LEED With What You Have

A report on Leadership in Energy and Environmental Design (LEED) for existing buildings


Bailey Webb  ·  May 27, 2012

Churches and church buildings are community pillars by their very nature. Many of these existing structures have been around for 40, 50 or even more than 100 years and could use updated systems and controls or perhaps a different approach to landscaping and design for reasons associated with both costs savings and community stewardship. All of these efforts fall within the purview of the Washington, D.C.-based U.S. Green Building Council’s (USGBC’s) Leadership in Energy and Environmental Design for Existing Buildings (LEED EB) program.

The USGBC launched LEED in 2000 for both new and existing construction and plans to update the program by the end of 2012. According the USGBC, the existing buildings rating system enables building owners and managers to consistently measure operations, improvements and maintenance in order to maximize efficiency and minimize environmental impact. LEED EB also addresses cleaning and maintenance for the entire building, including chemical use; recycling programs; exterior maintenance methods; and systems upgrades. Building owners can seek LEED EB certification for facilities seeking it for the first time and for projects previously certified under LEED for “New Construction,” “Schools” or “Core and Shell.”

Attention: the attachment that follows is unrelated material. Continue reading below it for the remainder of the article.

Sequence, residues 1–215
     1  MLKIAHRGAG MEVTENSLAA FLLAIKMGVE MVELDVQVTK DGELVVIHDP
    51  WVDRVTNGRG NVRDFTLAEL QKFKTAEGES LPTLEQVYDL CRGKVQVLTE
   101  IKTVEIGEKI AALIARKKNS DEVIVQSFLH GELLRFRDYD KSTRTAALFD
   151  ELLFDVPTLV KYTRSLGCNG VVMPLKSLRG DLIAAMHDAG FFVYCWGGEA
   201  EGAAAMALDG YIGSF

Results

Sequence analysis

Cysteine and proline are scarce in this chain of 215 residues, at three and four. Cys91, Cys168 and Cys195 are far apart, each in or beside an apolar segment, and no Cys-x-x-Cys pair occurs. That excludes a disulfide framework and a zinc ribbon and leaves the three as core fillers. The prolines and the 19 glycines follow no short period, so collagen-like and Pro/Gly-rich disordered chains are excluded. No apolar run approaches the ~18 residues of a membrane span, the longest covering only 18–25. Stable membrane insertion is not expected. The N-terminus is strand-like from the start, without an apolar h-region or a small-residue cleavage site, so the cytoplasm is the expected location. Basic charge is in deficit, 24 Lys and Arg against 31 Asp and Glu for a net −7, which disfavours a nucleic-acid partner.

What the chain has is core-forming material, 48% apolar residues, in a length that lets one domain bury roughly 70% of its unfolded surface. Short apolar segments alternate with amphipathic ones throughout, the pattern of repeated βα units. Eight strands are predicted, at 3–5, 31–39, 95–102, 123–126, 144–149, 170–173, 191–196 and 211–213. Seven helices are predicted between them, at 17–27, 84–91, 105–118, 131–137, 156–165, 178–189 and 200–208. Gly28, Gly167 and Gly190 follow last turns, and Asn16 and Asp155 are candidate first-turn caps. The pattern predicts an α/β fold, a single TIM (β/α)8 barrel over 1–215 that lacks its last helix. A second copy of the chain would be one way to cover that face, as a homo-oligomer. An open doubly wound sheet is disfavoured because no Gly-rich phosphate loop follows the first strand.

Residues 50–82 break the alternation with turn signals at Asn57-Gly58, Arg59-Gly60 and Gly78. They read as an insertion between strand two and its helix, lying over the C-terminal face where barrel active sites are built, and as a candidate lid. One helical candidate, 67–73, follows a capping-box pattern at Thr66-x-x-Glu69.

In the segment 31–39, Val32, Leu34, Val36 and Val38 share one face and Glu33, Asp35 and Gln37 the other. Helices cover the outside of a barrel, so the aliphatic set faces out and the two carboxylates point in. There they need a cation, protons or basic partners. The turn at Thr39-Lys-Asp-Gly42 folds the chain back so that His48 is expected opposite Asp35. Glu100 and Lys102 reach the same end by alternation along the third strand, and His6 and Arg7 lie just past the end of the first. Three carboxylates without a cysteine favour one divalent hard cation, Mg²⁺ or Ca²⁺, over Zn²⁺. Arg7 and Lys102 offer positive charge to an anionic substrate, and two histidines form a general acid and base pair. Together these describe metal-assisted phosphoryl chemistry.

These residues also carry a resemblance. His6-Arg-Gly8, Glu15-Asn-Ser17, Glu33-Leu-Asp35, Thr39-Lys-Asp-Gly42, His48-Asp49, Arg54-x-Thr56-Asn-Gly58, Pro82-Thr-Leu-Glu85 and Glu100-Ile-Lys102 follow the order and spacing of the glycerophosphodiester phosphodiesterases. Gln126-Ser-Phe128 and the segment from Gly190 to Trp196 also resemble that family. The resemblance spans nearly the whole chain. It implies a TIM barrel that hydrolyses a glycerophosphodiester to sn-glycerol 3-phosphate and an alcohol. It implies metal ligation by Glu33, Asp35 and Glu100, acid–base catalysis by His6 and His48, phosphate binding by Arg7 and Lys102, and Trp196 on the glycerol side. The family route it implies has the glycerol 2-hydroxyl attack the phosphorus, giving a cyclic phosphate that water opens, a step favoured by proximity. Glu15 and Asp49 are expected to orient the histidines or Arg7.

“Churches already have a lot going for them in terms of sustainability, one, with community impact and influence and, two, with the ability to draw on existing resources and materials,” says Jennifer Easton, a LEED spokesperson at the USGBC. “We typically believe that existing buildings hold the greatest potential for improved sustainability, energy and water use.”

From a new bike rack and effective recycling and composting to a highly energy-efficient HVAC system with high-tech, energy efficient controls, different aspects of a renovation earn points under the LEED system.

“You can do a full-blown retrofit and see big savings on energy and water use, but there are a number of simpler things you can do that reap extensive savings as well,” Easton says.

Some basic sustainable design principles for any scale of building include orientation of the building to maximize the availability of natural daylight and minimize the exposure to solar heat gain, building vertical density intent on preservation of green space, minimal irrigation and water consumption through the selection of native and drought-tolerant landscape and green plumbing fixtures, utilizing building materials with high-recycled content, utilizing regionally available building materials to minimize transportation pollution, energy efficient windows, parking strategies favoring green vehicles, recycling programs and green janitorial products, reports Scott Hall, senior designer at Omniplan, a Dallas-based architecture firm.